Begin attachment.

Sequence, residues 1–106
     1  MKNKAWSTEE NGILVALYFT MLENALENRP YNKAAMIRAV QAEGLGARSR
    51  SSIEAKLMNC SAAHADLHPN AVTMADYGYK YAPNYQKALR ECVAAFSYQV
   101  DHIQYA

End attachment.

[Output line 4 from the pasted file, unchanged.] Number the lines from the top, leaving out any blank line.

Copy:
   101  DHIQYA